Herbert Terrace Studies Evolution of Language
If Herbert Terrace had his way, before any discussion about his research in the evolution of language, he would put everyone into a room for a quick lesson in breaking the habit of anthropomorphism.
Not that the psychologist is unsympathetic to the impulse. “We’re ingenious at it — Aesop’s Fables, Doctor Doolittle — it’s reinforced everywhere a child looks, more films and books about talking to the animals. I think that’s because, in addition to language, we also became very empathic, so we tend to project our feelings onto the animal as if it’s just another part of the family. I talk to my cat; she understands. It’s natural.”
But to Terrace’s mind, the tendency can cloud people’s judgment as it relates to his work, which is grounded in the conviction that nonhuman primates are incapable of using language like humans. Terrace famously came to this conclusion in the 1970s, after a three-year study that involved teaching sign language to a chimpanzee. And he has focused much of his career since developing a theory that explains how humans arrived at language when simians did not. Or as he puts it, “how we got to the first word.”
Terrace is speaking from his office in Schermerhorn Hall where, on the wall opposite his desk, in winking recognition of his life’s work, hangs a large print of monkeys — many, many monkeys — sitting before computers. “There’s an expression, if you leave a monkey at a typewriter long enough, they’ll eventually type Shakespeare. Well, if you look at what’s on their screens, they’re typing Shakespeare.”
The Brooklyn-raised Terrace, who has worked at Columbia since 1961, earned a B.A. in psychology and an M.A. in experimental psychology from Cornell, and a Ph.D. in psychology from Harvard. There, he studied under the famed psychologist B.F. Skinner, known for his theories in operant behavior. (The basic idea is that behavior is determined by its consequences, be they reinforcements or punishments, which make it more or less likely that the behavior will occur again.) “He was a brilliant guy, and I said, ‘That’s my role model,’” Terrace recalls.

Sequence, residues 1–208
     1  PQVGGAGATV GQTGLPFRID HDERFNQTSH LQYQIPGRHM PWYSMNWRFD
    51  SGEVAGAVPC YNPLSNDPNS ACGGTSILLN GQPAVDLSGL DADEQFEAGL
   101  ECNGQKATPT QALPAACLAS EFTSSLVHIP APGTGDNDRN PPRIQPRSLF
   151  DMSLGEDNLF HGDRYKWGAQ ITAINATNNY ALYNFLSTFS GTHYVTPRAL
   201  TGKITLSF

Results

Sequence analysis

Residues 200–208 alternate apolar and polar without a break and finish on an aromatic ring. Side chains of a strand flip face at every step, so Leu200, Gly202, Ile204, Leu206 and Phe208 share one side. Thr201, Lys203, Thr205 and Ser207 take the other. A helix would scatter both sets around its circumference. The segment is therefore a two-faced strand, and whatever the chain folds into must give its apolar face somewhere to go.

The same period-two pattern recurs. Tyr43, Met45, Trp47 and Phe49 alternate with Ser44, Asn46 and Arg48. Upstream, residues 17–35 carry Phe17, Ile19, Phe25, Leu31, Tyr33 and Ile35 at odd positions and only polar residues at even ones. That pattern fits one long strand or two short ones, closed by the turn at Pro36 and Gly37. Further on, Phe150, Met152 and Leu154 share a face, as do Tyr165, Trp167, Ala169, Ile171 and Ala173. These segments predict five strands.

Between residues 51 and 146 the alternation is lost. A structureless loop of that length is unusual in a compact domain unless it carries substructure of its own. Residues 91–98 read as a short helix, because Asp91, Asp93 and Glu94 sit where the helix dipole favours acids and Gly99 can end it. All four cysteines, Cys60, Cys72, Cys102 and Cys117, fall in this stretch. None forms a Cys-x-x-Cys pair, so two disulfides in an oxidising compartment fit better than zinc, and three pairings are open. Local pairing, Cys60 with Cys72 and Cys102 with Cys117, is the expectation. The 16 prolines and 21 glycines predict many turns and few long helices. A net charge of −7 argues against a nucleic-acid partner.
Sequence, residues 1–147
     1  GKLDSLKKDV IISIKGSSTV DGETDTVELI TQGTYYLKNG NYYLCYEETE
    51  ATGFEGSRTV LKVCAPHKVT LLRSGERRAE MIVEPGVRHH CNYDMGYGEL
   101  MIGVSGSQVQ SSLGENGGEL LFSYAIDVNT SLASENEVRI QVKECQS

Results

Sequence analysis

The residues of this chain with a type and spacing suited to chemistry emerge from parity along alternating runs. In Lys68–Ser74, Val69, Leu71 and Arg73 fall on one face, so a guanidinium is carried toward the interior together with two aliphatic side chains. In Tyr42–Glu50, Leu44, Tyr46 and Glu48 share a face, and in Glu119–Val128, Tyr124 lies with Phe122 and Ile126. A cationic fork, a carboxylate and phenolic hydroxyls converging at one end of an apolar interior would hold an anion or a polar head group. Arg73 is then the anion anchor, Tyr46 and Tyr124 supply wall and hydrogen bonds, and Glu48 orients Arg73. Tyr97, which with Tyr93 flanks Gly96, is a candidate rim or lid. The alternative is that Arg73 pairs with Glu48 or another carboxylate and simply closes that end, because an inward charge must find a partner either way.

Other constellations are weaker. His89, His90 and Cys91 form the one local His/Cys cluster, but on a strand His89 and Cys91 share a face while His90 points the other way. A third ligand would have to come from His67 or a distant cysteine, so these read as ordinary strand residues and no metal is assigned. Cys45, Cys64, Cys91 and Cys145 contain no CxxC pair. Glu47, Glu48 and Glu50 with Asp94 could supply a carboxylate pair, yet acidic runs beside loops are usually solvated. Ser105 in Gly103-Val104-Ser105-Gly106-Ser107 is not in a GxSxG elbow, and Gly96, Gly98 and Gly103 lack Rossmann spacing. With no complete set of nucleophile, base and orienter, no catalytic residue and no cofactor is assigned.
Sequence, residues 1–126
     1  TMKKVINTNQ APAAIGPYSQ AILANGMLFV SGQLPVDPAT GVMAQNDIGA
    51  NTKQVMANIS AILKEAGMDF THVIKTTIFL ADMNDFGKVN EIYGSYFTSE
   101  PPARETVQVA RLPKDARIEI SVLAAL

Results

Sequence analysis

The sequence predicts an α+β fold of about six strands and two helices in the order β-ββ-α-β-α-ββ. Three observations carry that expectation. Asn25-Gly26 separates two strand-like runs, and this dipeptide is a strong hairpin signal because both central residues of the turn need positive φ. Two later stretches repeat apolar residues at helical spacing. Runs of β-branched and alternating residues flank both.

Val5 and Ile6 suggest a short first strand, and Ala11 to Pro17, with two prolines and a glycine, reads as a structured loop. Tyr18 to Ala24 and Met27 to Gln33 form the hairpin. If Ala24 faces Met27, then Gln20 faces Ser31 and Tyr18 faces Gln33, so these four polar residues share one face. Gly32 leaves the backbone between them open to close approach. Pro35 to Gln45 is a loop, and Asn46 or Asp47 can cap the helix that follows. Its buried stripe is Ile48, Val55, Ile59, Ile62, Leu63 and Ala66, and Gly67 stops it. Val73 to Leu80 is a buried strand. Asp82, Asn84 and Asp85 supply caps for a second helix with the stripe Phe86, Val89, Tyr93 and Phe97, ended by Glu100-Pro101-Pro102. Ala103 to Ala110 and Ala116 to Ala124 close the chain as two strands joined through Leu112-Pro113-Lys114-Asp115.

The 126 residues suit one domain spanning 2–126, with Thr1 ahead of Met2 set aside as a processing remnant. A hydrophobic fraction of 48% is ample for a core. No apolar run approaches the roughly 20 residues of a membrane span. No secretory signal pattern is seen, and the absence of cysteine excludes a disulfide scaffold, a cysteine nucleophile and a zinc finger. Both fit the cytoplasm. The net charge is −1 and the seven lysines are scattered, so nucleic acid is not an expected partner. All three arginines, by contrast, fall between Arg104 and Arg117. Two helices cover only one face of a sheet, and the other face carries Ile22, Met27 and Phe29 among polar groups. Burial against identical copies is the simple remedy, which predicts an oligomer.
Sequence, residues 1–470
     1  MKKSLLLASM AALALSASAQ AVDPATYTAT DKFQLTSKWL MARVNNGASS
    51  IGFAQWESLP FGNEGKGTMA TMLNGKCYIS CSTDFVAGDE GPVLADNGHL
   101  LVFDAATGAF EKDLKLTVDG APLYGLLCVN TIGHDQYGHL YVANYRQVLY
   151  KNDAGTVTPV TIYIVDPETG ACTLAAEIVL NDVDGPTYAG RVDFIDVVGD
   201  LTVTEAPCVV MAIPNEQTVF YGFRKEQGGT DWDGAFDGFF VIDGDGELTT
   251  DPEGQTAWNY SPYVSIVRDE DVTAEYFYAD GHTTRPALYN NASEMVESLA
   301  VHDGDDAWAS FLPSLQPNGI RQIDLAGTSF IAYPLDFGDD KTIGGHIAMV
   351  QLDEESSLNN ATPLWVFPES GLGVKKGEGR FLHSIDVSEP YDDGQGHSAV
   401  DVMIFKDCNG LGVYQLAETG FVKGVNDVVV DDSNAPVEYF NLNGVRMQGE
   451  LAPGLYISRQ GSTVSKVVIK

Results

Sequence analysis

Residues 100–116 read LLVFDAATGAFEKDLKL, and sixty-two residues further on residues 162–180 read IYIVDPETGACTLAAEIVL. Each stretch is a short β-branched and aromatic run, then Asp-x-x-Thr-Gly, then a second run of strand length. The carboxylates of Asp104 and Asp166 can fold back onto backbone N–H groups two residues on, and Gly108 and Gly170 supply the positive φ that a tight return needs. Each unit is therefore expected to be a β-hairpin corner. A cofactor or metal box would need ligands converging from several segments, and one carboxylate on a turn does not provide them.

As a graduate student, much of Terrace’s work focused on pigeons — his dissertation showed how they could learn to tell colors apart without making mistakes — but after coming to Columbia he found his way back to a subject that had interested him as an undergraduate: language and behavior. One catalyst was his reading of Verbal Behavior, a 1957 book by Skinner that had been notoriously criticized by the MIT linguist Noam Chomsky. Terrace also was intrigued by reports of people who were training chimpanzees to use human languages — among them, a couple at the University of Nevada who in the late 1960s taught American Sign Language to a chimp named Washoe.
But, Terrace says, the couple’s work was largely anecdotal. He envisioned taking the next step — not only training the animal but also documenting and rigorously vetting the results.
Thus in 1973, Terrace embarked on a research study with a chimpanzee named Nim Chimpsky (a nod to Chomsky, who insisted that language as we know it is innate and unique to humans). At first the infant Nim lived with the family of a psychology student studying with Terrace, in a Manhattan brownstone; as he grew older and more rambunctious, he was transferred to a sprawling estate owned by Columbia in the Riverdale section of the Bronx.
“I had teachers around the clock, from when he woke up till when he went to bed, whispering into a recorder whatever signs he made and the context in which he made them …. Across a roughly three-year period I collected upward of 24,000 utterances in sign language and not only that, but during a two-year period I only looked at combinations of two or more signs.”
These combinations and the order in which signs appeared (“more banana” versus “banana more”) were key, as they went to the question of whether Nim was creating complete grammatical sentences. “I thought I succeeded in showing I could teach a chimp sign language, and that I had the documentary evidence,” Terrace says.